There’s certainly no shortage of independent confirmation of the Apollo missions. From ham radio operators to the Jorell Bank Observatory, plenty of independent observers received the radio communications. Others tracked the missions optically. The missions relied on centers located in Madrid, Australia, California, Guam, Madagascar and elsewhere to track and maintain communications with the spacecraft. Since then, lunar samples, observations and data have been confirmed by independent scientists and other national space programs.
However, one mission stands out as having been confirmed more than any others. Apollo-15, the third to touch down on the lunar surface and the first to use the Lunar Rover, has been imaged by at least three different space agencies. Nasa took images of the area during the mission, and these images were confirmed as accurate by later probes including the DOD’s Clementine probe and probes sent by the European Space Agency, Indian Space Agency, Soviet Union and Japanese Space Agency.
At least three of the probes have had imaging capabilities of sufficient resolution to see traces of the mission activities. The best images come from NASA’s LRO, the only spacecraft able to return images of a high enough resolution to recognize the equipment left behind. However, Japan’s SELENE probe confirmed the profile of the area and imaged the “halo” caused by the engines of the LEM disturbing the lunar dust, which had been undisturbed for millions of years, causing the top most layer to have different reflectivity due to the time spent exposed to the solar winds and intense sun light. SELENE also saw the outlines and shadows of equipment, but without high enough resolution to definitively tell they were man-made.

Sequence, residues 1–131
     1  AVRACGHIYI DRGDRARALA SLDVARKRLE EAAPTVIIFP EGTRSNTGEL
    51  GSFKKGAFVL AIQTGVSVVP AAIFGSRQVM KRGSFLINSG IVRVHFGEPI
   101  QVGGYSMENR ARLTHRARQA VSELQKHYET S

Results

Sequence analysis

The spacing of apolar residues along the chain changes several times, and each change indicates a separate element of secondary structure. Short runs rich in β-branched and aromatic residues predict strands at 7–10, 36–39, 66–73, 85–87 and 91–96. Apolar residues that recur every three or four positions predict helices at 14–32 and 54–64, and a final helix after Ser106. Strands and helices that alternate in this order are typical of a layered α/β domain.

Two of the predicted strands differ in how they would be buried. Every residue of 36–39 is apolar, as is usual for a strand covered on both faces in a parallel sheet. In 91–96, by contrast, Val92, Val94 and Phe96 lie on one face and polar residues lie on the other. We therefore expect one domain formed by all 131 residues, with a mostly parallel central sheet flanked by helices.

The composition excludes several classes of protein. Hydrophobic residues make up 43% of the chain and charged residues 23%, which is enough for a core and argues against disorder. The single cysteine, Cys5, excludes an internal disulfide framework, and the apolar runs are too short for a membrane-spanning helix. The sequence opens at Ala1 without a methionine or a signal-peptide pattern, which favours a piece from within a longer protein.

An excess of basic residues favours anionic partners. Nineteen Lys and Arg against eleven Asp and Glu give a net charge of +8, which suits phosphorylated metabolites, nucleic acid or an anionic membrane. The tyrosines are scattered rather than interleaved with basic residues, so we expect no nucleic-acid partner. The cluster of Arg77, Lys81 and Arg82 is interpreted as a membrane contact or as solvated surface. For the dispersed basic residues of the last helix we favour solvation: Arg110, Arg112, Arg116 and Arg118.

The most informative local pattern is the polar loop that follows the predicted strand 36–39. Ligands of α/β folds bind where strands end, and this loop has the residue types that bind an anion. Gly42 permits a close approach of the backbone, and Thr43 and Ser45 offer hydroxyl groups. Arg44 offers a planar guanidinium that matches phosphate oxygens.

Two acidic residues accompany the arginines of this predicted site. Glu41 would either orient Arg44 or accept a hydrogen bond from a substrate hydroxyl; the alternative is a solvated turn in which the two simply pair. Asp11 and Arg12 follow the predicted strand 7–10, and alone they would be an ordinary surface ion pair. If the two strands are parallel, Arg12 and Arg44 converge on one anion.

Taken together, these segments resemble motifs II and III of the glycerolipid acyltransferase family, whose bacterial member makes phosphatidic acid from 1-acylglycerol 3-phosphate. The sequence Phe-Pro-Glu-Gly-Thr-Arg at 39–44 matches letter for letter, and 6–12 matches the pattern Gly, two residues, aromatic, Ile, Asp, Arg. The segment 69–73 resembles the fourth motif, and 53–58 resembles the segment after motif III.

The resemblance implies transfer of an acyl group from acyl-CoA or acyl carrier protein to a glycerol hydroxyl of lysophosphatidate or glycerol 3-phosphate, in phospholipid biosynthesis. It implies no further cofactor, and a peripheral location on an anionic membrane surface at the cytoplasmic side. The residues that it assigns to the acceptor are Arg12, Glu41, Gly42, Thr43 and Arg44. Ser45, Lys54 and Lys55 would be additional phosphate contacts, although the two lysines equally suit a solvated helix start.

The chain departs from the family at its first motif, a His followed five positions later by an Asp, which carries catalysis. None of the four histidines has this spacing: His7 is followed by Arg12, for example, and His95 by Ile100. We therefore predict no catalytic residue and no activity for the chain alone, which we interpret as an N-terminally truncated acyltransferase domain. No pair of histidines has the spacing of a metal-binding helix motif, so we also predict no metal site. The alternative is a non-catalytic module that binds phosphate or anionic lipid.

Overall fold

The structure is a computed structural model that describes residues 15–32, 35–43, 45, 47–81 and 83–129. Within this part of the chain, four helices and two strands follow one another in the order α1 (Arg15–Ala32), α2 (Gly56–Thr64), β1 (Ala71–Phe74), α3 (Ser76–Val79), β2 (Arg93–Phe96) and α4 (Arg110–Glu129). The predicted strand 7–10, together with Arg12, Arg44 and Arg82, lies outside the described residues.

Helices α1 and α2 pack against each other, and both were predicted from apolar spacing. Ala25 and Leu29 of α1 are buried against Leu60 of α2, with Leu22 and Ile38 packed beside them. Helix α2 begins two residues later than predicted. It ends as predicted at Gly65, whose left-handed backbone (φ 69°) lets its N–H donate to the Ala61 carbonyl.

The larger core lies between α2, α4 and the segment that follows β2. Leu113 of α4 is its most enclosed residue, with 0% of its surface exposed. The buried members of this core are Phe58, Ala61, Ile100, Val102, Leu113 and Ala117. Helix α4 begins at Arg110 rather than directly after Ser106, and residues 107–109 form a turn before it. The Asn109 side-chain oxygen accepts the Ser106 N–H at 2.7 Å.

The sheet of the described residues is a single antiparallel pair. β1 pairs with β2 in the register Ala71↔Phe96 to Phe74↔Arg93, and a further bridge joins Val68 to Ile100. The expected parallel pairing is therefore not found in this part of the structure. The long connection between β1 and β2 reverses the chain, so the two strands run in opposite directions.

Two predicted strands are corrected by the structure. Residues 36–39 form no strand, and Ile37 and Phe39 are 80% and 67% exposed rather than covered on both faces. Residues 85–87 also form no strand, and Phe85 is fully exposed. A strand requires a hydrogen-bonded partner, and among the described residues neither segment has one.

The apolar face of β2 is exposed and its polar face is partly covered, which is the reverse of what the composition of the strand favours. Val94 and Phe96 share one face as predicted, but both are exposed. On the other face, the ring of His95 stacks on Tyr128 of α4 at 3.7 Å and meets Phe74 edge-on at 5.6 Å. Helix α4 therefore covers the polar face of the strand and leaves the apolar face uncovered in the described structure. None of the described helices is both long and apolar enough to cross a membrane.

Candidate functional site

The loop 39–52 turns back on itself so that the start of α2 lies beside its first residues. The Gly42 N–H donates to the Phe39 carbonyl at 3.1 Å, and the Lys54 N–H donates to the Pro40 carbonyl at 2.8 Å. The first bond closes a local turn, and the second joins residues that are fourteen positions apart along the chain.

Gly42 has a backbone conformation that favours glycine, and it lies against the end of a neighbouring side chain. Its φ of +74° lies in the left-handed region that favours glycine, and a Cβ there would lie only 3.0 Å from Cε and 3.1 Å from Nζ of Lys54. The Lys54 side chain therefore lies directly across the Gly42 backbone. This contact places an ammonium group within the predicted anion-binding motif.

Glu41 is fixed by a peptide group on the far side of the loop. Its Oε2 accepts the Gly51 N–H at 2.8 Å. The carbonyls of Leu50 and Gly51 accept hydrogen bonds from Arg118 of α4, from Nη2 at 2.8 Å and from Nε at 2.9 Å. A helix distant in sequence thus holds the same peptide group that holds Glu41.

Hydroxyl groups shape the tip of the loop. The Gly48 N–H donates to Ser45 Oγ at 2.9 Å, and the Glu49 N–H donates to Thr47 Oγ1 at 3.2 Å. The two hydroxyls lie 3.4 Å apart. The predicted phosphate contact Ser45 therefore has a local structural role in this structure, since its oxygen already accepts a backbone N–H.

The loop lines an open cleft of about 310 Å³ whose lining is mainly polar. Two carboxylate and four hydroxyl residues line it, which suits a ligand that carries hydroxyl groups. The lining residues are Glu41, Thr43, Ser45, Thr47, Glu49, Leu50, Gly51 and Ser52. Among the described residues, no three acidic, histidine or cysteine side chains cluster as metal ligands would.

More recently, the Indian Chandrayaan-1 probe provided slightly better images than SELENE, providing additional detail and confirming the observations already made by the two previous imaging missions. This was announced in early September, but the images were not immediately avaliable.
The reason that I held back on posting on this is that the images were not available and a number of websites erroneously posted images that were supposedly showing the tracks of the Lunar Rover as seen by Chandrayaan-1. The following image showed up on a number of websites and claimed to trace the path of the rover:
Unfortunately this image (which seems to have originated on Gizmodo – note the watermark.) Is not what it seems. It does show the general area where Apollo-15 landed, but it is actually a three-dimensional compost image of Chandrayaan-1 data and not a single image. It also is not nearly high enough resolution to see the tracks of the rover. The area highlighted in red is not even the path of the rover. Rather, it appears to be an illusion caused by a string of craters and shadows in what looks like a continuous track, if you look hard enough.
The image does confirm the accuracy of the images and observations made by Apollo 15, but it does not show the tracks of the rover. Based on NASA maps, if the tracks could be seen, they would look more like this: